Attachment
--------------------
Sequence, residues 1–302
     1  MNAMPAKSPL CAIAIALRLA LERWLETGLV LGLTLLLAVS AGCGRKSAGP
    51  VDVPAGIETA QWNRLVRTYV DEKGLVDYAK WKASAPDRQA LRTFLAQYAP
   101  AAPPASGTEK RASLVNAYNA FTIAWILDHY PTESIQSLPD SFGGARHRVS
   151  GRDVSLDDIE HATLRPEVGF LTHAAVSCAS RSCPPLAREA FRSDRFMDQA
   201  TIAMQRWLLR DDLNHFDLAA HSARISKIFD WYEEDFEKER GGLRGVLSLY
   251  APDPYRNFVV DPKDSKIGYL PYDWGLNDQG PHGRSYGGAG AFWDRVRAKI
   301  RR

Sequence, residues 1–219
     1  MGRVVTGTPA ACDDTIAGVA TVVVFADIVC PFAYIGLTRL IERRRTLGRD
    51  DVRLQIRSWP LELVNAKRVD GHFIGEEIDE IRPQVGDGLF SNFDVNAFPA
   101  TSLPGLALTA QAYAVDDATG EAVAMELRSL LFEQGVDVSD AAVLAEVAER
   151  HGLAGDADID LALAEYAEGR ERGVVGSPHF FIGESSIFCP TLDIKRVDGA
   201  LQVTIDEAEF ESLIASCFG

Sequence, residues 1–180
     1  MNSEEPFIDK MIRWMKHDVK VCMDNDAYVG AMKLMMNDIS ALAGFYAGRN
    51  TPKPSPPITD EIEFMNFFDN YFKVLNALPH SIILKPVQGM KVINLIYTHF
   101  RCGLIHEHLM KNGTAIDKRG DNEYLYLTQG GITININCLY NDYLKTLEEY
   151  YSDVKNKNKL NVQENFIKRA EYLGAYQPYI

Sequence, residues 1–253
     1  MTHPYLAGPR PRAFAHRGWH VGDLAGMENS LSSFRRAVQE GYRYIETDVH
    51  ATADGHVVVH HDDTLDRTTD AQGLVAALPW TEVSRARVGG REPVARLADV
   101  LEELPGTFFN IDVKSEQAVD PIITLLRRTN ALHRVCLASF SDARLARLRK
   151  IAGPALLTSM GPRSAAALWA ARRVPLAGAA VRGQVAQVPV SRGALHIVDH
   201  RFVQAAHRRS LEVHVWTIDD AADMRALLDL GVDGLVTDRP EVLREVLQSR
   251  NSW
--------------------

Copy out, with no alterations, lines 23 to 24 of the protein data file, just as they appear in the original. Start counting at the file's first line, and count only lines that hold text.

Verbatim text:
   101  LEELPGTFFN IDVKSEQAVD PIITLLRRTN ALHRVCLASF SDARLARLRK
   151  IAGPALLTSM GPRSAAALWA ARRVPLAGAA VRGQVAQVPV SRGALHIVDH